23 June 2011Add to My Folder
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CILIP Kate Greenaway Medal 2011 winner, Grahame Baker-Smith, talks to us about his work, influences and his children’s book, FArTHER
How do you develop your ideas? What was the starting idea for the project that became FArTHER?
The starting point for FArTHER was an image that came into my mind’s eye during the course of an ordinary day. I saw a figure, a man, sitting at a workbench making a pair of wings. At the time, as I went about the various tasks and demands of the day, I did not know who he was or what he was really trying to do. In the evening, the house grew quieter and the family retired to bed. I felt there was a story somewhere in this image and so sat downstairs (with a glass of dark English ale), took out a notebook and pen and the first line just appeared: ‘Poppies lined the path to my father’s house.’ From there on over a period of about an hour and a half I wrote the story line by line, as if it were being dictated. I didn’t really know exactly what was going to happen or where it was all leading to – the things that happened in the story were a surprise to me – but I had a feeling of something being ‘right’ and a sense of exploration and trust in the work, that all will be OK!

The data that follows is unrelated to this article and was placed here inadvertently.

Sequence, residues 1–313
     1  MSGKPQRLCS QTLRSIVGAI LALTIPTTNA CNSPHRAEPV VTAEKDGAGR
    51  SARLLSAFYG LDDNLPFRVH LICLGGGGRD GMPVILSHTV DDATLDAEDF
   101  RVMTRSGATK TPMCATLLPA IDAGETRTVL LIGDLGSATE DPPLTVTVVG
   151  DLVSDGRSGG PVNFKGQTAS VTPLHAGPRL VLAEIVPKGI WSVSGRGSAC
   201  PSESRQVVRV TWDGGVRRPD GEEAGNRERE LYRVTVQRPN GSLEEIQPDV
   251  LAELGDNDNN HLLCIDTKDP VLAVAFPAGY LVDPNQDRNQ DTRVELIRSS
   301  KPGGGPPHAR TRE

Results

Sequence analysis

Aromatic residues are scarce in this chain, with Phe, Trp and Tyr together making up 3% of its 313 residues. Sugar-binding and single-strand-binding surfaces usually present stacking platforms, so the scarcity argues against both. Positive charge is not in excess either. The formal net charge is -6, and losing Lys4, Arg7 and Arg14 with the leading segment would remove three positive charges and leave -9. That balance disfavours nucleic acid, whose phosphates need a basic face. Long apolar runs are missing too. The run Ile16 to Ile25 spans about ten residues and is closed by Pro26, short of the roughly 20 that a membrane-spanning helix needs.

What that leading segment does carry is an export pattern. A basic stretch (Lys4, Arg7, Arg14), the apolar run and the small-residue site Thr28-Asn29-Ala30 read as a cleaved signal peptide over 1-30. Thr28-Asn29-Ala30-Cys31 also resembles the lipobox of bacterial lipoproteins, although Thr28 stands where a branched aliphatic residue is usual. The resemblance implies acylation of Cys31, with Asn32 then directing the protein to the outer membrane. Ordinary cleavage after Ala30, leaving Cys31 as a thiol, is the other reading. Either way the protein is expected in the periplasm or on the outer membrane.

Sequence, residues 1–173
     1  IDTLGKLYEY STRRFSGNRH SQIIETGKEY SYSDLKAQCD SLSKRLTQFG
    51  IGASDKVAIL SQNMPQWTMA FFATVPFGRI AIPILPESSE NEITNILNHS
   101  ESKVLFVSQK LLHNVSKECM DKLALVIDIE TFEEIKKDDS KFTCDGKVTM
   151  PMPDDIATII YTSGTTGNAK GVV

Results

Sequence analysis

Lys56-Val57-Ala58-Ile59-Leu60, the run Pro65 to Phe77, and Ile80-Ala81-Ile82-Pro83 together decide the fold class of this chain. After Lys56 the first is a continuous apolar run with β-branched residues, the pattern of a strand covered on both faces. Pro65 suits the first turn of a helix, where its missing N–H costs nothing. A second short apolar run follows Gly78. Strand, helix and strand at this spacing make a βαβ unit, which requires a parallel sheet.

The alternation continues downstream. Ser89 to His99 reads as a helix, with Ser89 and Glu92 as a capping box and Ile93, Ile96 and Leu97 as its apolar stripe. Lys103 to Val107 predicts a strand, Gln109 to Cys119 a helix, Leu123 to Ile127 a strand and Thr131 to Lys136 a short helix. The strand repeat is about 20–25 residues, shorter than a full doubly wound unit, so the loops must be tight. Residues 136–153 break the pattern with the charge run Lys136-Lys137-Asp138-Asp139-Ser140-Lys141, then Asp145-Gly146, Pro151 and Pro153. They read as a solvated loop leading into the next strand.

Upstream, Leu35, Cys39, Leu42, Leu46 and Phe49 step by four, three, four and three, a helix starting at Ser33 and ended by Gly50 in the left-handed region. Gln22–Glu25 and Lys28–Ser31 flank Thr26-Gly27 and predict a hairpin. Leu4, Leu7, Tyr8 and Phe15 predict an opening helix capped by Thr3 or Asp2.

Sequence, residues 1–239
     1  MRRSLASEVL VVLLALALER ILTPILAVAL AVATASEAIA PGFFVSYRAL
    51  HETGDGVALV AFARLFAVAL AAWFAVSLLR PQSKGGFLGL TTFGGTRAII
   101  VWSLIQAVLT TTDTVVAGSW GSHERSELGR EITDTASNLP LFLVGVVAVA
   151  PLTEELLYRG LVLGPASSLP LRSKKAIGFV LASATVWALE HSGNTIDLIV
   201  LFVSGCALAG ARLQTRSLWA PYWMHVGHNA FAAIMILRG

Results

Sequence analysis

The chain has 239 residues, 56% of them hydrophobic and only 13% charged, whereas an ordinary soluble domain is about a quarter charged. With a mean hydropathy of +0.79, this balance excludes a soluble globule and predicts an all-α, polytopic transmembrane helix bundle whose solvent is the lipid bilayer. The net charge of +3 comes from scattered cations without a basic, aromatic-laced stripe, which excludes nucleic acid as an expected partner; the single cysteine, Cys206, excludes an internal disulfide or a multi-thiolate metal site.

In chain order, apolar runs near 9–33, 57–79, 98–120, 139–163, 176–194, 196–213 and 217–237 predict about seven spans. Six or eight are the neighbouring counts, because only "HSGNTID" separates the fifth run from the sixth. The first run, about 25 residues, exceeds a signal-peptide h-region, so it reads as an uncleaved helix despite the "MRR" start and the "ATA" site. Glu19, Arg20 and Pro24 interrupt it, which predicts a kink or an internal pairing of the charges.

I didn’t know until I actually wrote the words that the Father would be called away to war. This was a part of the story I actually hesitated over as it seemed a bit extreme for a picture book, but then decided to go with the flow as it seemed an important and pivotal point in the story.
I also didn’t know how it was going to end and, again, until I got to the last two pages I couldn’t imagine how to end it at all, but somehow it just seemed to fall from the pen. I still have the notebook and barely a word has been changed from that to the final published text – and there was no crossing out!